Köpf, Ulrich. “Monastische Traditionen bei Martin Luther.” In Luther—Zwischen den Zeiten. Edited by Christoph Markschies and Miichael Trowitzsch, 17–35. Tübingen, Germany: Mohr Siebeck, 1999.Find this resource:

                    Leroux, Neil R. Luther’s Rhetoric: Strategies and Style from the Invocavit Sermons. St. Louis, MO: Concordia, 2002.Find this resource:

                      Lüpke, Johannes von. “Luther’s Use of Language.” In The Oxford Handbook of Martin Luther’s Theology. Edited by Robert Kolb, Irene Dingel, and Lubomír Batka, 143–155. Oxford: Oxford University Press, 2014.Find this resource:

                        Luther, Martin. The Freedom of a Christian. Edited and translated by Mark D. Tranvik. Minneapolis: Fortress, 2008.Find this resource:

                          Luther, Martin. Treatise on Good Works. Edited and translated by Scott H. Hendrix. Minneapolis: Fortress, 2012.Find this resource:

                            Matheson, Peter. The Rhetoric of the Reformation. Edinburgh: T & T Clark, 1998.Find this resource:

                              Rieger, Reinhold. Von der Freiheit eines Christenmenschen: De libertate christiana. Tübingen, Germany: Mohr Siebeck, 2007.Find this resource:

                                Ristau, Harold. Understanding Martin Luther’s Demonological Rhetoric in His Treatise against the Heavenly Prophets (1525). Lewiston, NY: Edward Mellen, 2010.Find this resource:

                                  Rosin, Robert. “Humanism, Luther, and the Wittenberg Reformation.” In The Oxford Handbook of Martin Luther’s Theology. Edited by Robert Kolb, Irene Dingel, and Lubomír Batka, 91–104. New York: Oxford University Press, 2014.Find this resource:

                                    Stolt, Birgit. “Luther’s Faith of the Heart: Experience, Emotion and Reason.” In The Global Luther. Edited by Christine Helmer, 131–150. Minneapolis: Fortress, 2009.Find this resource:

                                      Vind, Anna. “Luther’s Thought Assumed Form in Polemics.” In The Oxford Handbook of Martin Luther’s Theology. Edited by Robert Kolb, Irene Dingel, and Lubomír Batka, 471–480. Oxford: Oxford University Press, 2014.Find this resource:


                                        (1.) Bernhard Lohse, Martin Luther: An Introduction to His Life and Work, trans. Robert C. Schultz (Philadelphia: Fortress, 1986), 97–138.

                                        (2.) See also “Treatise,” in A Dictionary of Literary Terms and Literary Theory, ed. J. A. Cuddon (Chichester, U.K.: John Wiley, 2013), 738.

                                        (3.) Martin Brecht, Martin Luther: His Road to Reformation, trans. James Schaaf (Philadelphia: Fortress, 1985), 90–98.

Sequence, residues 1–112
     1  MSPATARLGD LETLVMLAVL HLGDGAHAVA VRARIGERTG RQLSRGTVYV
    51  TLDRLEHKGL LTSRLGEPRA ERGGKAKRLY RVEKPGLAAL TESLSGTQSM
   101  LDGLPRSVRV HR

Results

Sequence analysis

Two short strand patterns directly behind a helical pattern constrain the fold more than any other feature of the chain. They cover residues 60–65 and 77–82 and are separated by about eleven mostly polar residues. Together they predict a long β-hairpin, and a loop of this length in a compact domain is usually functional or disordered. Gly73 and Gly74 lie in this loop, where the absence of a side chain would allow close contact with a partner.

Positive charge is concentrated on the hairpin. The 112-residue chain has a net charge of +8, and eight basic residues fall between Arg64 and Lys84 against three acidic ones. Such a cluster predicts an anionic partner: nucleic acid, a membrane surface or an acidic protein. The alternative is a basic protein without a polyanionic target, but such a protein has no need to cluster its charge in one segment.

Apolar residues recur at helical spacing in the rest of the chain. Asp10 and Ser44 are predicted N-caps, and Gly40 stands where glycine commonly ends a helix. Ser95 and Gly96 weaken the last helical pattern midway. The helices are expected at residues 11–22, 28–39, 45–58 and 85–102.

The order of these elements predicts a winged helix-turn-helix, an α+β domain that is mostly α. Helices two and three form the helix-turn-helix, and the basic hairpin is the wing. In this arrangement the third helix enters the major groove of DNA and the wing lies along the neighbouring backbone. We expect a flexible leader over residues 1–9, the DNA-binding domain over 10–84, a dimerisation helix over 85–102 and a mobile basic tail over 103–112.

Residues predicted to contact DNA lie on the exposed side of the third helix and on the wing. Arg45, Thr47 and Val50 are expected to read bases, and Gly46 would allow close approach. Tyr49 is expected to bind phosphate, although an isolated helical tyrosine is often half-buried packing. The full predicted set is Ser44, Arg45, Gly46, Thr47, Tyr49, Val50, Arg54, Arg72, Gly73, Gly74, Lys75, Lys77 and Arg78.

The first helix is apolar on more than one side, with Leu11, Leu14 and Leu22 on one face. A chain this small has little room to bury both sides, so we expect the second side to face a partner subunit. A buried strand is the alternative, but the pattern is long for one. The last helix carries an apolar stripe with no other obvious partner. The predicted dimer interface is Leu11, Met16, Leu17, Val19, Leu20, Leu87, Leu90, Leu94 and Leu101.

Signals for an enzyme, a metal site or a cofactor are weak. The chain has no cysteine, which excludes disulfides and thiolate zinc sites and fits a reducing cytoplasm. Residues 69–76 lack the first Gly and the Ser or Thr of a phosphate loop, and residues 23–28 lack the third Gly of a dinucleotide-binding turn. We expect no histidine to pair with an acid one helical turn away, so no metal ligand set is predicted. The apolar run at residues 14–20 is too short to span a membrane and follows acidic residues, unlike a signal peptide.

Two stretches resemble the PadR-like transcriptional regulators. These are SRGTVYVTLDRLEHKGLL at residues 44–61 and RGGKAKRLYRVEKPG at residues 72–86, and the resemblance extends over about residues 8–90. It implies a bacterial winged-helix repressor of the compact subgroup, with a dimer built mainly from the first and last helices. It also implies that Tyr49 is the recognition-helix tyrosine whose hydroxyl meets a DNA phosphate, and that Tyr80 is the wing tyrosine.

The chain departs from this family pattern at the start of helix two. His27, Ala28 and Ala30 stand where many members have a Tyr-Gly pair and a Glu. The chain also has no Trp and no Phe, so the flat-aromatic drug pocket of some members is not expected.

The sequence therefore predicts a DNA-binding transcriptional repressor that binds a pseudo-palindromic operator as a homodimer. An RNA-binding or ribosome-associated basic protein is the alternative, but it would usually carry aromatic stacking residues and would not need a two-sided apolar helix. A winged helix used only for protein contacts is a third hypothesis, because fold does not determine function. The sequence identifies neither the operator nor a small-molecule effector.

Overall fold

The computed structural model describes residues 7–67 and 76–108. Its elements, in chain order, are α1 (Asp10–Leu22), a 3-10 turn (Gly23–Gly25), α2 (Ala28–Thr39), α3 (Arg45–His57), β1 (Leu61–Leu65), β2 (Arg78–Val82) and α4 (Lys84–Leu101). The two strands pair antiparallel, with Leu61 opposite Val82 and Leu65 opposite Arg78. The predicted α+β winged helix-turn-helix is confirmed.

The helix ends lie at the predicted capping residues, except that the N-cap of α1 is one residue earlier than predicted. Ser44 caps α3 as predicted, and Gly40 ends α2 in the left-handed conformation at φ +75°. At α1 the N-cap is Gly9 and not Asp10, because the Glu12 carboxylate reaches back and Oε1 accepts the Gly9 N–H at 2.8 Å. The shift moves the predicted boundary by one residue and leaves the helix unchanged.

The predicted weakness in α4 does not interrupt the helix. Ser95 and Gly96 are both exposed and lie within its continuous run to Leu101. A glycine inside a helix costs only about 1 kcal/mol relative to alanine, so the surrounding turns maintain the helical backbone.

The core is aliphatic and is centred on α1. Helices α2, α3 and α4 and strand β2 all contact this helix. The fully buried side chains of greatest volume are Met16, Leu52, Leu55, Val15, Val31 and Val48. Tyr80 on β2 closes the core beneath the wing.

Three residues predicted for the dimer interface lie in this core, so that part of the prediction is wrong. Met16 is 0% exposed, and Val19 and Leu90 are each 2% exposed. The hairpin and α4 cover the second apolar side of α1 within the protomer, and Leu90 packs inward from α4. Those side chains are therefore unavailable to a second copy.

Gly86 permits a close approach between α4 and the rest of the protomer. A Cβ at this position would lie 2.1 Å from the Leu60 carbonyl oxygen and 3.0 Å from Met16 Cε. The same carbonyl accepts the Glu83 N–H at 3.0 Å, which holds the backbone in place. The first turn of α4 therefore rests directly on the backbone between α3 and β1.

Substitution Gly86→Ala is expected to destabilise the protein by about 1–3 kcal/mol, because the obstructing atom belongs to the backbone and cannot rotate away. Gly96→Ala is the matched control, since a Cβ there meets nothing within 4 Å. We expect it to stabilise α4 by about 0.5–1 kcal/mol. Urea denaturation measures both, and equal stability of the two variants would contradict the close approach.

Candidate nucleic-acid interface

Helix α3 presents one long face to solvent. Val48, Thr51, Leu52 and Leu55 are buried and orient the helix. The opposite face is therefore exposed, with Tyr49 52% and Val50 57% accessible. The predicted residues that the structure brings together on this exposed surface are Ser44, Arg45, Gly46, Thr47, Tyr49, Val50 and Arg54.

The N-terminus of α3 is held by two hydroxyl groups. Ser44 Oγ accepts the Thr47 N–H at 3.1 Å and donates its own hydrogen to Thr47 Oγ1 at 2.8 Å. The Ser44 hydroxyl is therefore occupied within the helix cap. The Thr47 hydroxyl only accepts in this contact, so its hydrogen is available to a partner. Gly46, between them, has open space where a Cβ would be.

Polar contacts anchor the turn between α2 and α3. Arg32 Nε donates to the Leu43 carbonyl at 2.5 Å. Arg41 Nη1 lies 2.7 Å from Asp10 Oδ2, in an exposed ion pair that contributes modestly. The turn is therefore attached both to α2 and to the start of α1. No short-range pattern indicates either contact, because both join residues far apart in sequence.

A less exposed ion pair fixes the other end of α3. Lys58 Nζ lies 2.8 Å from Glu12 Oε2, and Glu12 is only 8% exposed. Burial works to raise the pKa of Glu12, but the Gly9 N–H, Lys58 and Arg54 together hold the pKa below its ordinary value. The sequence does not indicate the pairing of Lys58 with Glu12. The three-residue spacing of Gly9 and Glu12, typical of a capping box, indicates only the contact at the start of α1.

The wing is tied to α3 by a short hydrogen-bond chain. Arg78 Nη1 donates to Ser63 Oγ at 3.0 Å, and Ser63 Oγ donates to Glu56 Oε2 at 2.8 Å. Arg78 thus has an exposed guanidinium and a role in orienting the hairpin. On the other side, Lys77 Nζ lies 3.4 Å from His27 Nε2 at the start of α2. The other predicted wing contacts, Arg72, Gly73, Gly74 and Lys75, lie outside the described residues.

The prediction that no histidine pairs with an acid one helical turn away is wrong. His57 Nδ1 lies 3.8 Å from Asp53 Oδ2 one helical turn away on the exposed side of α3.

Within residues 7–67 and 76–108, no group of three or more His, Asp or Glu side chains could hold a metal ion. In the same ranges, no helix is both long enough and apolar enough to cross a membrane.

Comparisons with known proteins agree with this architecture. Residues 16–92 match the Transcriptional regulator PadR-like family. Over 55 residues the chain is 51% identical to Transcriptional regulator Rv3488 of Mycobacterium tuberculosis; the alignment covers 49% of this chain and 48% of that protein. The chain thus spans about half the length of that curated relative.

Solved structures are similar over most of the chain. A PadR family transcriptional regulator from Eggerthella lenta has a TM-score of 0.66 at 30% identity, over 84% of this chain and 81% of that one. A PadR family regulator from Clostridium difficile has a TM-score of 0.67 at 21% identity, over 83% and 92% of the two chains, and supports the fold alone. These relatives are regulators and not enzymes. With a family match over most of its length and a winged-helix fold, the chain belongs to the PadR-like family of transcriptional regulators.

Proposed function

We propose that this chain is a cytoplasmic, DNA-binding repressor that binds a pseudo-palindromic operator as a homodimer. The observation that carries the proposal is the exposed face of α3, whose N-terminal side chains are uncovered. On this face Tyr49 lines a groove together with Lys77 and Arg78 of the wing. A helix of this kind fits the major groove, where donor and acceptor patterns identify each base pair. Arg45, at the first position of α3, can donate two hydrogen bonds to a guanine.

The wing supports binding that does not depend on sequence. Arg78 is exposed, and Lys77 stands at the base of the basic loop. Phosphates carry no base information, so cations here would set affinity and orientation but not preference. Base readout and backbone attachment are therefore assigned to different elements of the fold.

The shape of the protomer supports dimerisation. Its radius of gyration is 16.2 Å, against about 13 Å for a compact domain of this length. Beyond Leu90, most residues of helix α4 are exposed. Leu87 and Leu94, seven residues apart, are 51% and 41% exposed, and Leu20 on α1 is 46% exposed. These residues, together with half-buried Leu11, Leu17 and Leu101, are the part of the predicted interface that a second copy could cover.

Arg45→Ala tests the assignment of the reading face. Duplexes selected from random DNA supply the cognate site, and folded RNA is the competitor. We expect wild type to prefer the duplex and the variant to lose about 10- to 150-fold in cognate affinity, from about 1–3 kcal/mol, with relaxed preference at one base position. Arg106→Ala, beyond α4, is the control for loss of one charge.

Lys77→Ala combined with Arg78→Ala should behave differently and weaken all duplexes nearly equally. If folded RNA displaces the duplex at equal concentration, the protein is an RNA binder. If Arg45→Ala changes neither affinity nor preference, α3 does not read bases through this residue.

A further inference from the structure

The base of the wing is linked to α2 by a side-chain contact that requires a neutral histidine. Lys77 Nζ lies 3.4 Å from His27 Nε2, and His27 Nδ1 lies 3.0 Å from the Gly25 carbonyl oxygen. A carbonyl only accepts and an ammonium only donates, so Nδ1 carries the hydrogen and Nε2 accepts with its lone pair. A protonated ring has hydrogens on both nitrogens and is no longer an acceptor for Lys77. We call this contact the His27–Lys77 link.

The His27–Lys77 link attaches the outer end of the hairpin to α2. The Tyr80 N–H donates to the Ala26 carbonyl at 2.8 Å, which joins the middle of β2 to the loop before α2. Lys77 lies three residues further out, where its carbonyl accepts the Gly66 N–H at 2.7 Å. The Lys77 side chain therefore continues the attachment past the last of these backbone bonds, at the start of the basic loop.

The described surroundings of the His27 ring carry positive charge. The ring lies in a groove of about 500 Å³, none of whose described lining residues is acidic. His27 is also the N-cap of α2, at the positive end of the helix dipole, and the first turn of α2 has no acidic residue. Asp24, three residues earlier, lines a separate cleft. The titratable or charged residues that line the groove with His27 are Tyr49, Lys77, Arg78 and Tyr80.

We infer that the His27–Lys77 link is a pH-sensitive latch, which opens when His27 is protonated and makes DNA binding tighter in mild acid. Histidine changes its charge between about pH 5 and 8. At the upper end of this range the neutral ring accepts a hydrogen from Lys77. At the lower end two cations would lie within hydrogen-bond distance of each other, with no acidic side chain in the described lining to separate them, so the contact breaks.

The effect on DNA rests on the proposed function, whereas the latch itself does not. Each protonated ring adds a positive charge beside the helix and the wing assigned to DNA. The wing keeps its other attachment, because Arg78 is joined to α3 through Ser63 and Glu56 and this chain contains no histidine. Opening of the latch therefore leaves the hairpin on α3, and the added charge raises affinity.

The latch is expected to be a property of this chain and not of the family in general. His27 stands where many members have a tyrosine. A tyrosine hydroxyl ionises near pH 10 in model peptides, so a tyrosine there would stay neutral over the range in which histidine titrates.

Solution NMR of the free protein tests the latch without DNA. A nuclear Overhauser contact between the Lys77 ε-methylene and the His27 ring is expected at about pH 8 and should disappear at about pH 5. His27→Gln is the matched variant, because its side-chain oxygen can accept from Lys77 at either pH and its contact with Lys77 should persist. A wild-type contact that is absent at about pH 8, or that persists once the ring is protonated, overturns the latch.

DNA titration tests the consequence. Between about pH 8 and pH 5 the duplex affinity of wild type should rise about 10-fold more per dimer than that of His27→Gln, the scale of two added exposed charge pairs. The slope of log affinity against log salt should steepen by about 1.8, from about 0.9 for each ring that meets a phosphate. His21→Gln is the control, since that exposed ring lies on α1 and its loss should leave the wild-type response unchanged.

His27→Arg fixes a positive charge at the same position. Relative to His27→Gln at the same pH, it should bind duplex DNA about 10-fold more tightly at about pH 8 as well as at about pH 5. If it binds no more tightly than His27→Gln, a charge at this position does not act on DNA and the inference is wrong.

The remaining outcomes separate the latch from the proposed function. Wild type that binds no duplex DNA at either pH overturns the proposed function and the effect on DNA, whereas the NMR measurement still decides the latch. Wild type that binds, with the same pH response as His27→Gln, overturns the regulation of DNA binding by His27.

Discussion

(4.) Bernt Hamm, The Early Luther: Stages in a Reformation Reorientation, trans. Martin J. Lohrmann (Grand Rapids, MI: Eerdmans, 2014), 190–232.

                                        (5.) Robert Rosin, “Humanism, Luther, and the Wittenberg Reformation,” in The Oxford Handbook of Martin Luther’s Theology (hereinafter cited as OHMLT), eds. Robert Kolb, Irene Dingel, and L’Ubomir Batka (New York: Oxford University Press, 2014), 91–104.

                                        (6.) Robert Kolb, Martin Luther: Confessor of the Faith (New York: Oxford University Press, 2009), 35–37.

                                        (7.) Ralph W. Buechler, “Treatise,” in Encyclopedia of the Essay, ed. Tracy Chevalier (London: Fitzroy Dearborn, 1997), 1802–1803.

                                        (8.) Maurice De Wulf, An Introduction to Scholastic Philosophy, Medieval and Modern, trans. P. Coffey (New York: Dover, 1956), 28.

                                        (9.) Alister E. McGrath, “Scholasticism,” in The Oxford Encyclopedia of the Reformation (hereinafter cited as OER), 4 vols., ed. Hans J. Hillerbrand (New York: Oxford University Press, 1996), 4:18.

                                        (10.) Heiko A. Oberman, Forerunners of the Reformation. The Shape of Late Medieval Thought (New York: Holt, Rinehart and Winston, 1966), 32–49.

                                        (11.) Ibid., 165–174.

                                        (12.) McGrath, “Scholasticism,” OER 4:19.

                                        (13.) Bernard McGinn, “Mysticism,” OER 3:119.

                                        (14.) Steven E. Ozment, The Age of Reform (New Haven, CT: Yale University Press, 1980), 243.

                                        (15.) Rosin, “Humanism,” OHMLT, 101.

                                        (16.) James Michael Weiss, “Humanism,” OER 2:265.